Luis Prados Ramos



A few days ago, on the occasion of the signing of a simple power of attorney, and when asked what the specific purpose of that power was, the following case was raised, which is the inspiration for these brief lines.

A mother lives separately from her partner and has a minor child under her care, recognized by both. The mother finds that in order to enroll the child in public schools, they ask her for the father's signature, but since there is not excessive collaboration on his part, she is forced to go to private centers, which are not subsidized, and suppose a great financial waste.

With the intention of being able to put an end to this situation, he files a lawsuit requesting that the guardianship and custody of the minor be attributed to him, without deprivation of the parental authority of the other parent. What happens is that the father, upon receiving a judicial communication, has a somewhat exaggerated reaction, whose specific terms I prefer to omit.

I have always considered the judicialization of family relations a drama, since judges never provide justice, and any decision they may adopt will not have the ability to be fully satisfactory to anyone. The agreement of the parties becomes, in my opinion, the only reasonable solution in the field of family law.


The powers over the exercise of parental authority can constitute a self-composition tool in the family environment, to prevent and/or avoid conflict situations. However, it is not the only field in which it can be useful, and it can become essential in those cases where parents, for work reasons, must move to another town or country, leaving their minor children in the care of a relative. , or they cannot attend to the child, due to a deprivation of liberty.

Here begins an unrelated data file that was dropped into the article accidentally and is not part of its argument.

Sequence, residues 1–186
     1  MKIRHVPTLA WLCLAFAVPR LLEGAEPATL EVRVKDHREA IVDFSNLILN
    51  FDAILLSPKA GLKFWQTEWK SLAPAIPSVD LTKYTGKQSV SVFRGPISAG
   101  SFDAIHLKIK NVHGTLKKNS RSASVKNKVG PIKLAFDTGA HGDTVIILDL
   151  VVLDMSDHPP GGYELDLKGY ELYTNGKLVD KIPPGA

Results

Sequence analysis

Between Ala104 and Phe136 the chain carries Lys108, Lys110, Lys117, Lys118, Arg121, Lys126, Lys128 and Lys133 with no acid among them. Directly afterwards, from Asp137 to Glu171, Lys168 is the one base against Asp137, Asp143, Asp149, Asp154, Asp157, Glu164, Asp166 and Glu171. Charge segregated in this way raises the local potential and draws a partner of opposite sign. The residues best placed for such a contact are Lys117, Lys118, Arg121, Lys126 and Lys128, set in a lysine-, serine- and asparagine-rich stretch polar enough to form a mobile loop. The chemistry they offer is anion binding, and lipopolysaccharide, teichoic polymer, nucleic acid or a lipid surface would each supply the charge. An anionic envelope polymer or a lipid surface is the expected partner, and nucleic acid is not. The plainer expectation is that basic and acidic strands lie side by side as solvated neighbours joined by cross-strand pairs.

With this we have that we could differentiate two types of powers in the field of parental authority.

a.- The one that both parents give to a third party so that they have a title that enables and legitimizes them to make decisions on their behalf, and aimed at caring for their children.

b.- The one that one of the parents gives to the other, so that it is exclusively, the one that adopts all or some of the decisions to which the power refers.


The regulations that regulate the matter are scarce and are specified in Article 156 CC, and obviously we must take into account the regulations that regulate the mandate contract in Articles 1709 CC and following.

Article 156 CC in the part that interests us tells us:

Parental authority will be exercised jointly by both parents or by one alone with the express or tacit consent of the other.

 In the absence or absence, disability or impossibility of one of the parents, parental authority will be exercised exclusively by the other.

If the parents live separately, parental authority will be exercised by the person with whom the child lives. However, the Judge, at the well-founded request of the other parent, may, in the interest of the child, grant the applicant parental authority to exercise it jointly with the other parent or distribute between the father and the mother the functions inherent to its exercise.

That is, the general rule is joint action of both parents, and the exception is individual exercise, in the cases of absence, incapacity or impossibility of one of the parents, or in the cases in which the judge so determines, as a consequence of the rupture of the coexistence of the parents